Besides the space tradeoff, the different data structures also facilitate different operations. Finding all vertices adjacent to a given vertex in an adjacency list is as simple as reading the list, and takes time proportional to the number of neighbors. With an adjacency matrix, an entire row must instead be scanned, which takes a larger amount of time, proportional to the number of vertices in the whole graph. On the other hand, testing whether there is an edge between two given vertices can be determined at once with an adjacency matrix, while requiring time proportional to the minimum degree of the two vertices with the adjacency list. [11] [14]

Adjacency For WinBUGS Tool

The Adjacency For WinBUGS Tool is a customization of ArcMap. The tool iteratively processes each polygon within a selected layer and creates a text file of polygonal adjacency where each polygon is identified by a unique Adj_ID value. The output of this tool is used in WinBUGS (MRC Biostatistics Unit Cambridge) by the car.normal, car.l1, and conditional autoregressive distributions.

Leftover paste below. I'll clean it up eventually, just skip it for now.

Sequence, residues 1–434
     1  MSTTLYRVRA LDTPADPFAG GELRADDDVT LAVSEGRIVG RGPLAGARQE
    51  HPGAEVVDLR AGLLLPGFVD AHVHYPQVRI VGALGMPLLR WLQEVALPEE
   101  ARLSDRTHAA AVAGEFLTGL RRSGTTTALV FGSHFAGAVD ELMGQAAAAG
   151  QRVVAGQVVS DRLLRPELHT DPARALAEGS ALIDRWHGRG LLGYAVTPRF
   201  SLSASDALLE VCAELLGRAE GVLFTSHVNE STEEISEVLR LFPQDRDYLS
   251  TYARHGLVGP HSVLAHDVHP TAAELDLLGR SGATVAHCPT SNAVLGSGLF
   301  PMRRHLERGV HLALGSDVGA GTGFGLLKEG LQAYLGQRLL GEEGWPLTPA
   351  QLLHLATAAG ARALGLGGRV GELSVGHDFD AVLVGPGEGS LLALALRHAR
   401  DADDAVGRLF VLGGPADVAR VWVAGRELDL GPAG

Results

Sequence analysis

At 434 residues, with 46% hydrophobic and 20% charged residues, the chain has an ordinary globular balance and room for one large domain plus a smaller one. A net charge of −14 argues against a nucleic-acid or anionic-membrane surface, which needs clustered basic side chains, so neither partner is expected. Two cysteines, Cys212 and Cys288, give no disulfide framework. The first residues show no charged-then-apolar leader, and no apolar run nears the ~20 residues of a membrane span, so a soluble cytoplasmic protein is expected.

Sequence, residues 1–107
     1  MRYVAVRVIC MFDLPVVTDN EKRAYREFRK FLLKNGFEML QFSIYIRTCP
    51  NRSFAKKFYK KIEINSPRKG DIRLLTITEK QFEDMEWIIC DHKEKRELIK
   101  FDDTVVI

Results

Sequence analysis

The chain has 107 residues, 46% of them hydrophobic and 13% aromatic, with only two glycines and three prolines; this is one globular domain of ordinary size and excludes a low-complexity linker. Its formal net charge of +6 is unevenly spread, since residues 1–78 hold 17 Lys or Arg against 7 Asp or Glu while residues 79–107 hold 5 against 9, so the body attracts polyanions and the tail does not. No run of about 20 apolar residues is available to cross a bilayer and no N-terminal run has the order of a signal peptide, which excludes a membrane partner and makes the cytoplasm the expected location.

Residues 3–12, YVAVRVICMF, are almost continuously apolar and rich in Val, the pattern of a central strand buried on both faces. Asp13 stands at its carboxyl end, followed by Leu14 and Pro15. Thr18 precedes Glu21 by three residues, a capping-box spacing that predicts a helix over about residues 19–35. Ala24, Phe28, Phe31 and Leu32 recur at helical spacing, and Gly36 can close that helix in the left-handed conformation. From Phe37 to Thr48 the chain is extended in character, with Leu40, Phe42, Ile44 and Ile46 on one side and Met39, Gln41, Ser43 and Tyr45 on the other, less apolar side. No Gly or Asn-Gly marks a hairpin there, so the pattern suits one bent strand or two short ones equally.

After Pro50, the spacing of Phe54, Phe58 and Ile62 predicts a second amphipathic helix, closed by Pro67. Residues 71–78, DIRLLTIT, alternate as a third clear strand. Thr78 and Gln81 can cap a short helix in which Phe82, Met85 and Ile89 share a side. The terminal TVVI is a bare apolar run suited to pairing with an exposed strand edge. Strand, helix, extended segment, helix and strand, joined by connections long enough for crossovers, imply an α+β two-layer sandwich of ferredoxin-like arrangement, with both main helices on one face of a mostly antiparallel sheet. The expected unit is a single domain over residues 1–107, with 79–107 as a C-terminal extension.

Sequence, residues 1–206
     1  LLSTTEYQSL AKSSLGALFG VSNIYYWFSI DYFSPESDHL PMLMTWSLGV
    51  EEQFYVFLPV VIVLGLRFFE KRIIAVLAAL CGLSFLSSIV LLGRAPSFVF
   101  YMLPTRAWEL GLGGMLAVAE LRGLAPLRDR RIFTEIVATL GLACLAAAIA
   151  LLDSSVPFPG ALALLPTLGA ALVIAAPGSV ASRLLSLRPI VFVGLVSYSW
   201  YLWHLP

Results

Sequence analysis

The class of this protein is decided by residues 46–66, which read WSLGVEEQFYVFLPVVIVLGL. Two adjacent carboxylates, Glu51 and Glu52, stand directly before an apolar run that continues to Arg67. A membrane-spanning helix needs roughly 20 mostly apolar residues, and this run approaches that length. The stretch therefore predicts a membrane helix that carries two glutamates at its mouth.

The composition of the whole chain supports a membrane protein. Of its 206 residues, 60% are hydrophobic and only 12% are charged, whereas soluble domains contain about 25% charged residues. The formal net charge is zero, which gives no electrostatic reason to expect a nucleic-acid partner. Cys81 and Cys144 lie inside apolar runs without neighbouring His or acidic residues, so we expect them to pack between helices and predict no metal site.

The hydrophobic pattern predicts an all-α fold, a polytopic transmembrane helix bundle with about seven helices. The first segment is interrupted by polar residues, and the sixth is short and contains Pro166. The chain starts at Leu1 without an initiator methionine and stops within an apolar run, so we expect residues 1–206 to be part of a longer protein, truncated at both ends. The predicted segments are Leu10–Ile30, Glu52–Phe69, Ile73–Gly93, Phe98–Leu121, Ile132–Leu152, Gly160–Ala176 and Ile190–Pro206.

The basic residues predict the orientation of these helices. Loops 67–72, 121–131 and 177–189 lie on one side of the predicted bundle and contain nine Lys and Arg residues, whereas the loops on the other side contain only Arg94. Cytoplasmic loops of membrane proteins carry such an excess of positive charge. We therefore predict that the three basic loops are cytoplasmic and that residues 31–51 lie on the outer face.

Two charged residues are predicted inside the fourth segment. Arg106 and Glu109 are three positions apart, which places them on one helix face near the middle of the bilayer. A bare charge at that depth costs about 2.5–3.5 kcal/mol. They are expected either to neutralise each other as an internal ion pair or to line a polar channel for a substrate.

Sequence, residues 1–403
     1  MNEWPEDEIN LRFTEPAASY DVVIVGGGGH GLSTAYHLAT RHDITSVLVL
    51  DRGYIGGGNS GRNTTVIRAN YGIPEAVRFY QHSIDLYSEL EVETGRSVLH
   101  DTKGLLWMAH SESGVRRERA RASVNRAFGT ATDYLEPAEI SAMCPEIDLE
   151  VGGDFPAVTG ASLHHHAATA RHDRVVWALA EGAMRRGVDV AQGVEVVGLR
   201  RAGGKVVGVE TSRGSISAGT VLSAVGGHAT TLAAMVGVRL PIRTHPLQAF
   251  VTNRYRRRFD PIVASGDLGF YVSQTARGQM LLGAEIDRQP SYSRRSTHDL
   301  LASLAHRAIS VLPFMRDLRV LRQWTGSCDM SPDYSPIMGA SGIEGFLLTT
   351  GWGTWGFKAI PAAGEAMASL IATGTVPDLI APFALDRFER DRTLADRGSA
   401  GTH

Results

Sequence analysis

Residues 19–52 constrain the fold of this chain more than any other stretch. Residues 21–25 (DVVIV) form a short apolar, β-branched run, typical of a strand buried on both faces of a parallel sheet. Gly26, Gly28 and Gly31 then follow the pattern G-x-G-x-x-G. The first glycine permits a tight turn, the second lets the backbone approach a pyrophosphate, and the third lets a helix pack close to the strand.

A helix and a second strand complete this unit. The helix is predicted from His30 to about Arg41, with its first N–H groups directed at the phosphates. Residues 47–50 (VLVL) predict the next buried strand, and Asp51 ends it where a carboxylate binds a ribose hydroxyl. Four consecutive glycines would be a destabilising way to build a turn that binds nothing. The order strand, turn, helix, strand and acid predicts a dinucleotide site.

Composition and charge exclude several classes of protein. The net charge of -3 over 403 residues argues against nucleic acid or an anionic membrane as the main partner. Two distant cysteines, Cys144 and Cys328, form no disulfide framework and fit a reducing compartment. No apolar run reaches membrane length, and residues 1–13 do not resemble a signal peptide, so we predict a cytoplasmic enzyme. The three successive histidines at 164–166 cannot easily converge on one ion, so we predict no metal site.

“We have been working with a class of models called hierarchical spatial count models ( These models are fitted with Markov chain Monte Carlo methods in WinBUGS. To accommodate the potential for spatial correlation between the responses, we employ a spatial conditional autoregressive component (spatial CAR). This spatial CAR requires an adjacency matrix, i.e., a matrix relating one areal unit to a collection of neighboring areal units. A requirement of this matrix is symmetry. GeoBUGS within the WinBUGS software can facilitate this adjacency matrix creation, but we find it much more convenient to conduct all of our mapping operations in ArcGIS. As such, a tool that facilitates the creation of the adjacency matrix for use in WinBUGS is most useful.”
Dr. Wayne Thogmartin

  1. Save the file: to your local hard drive
  2. Extract contents
  3. Double click AdjacencyForWinBUGS.esriAddIn file
  4. Open ArcMap 10
  5. Click on the Customize menu and the Customize Mode… item
  6. On the Customize dialog click the Commands tab
  7. Scroll down and click on Fox Tools in the Categories list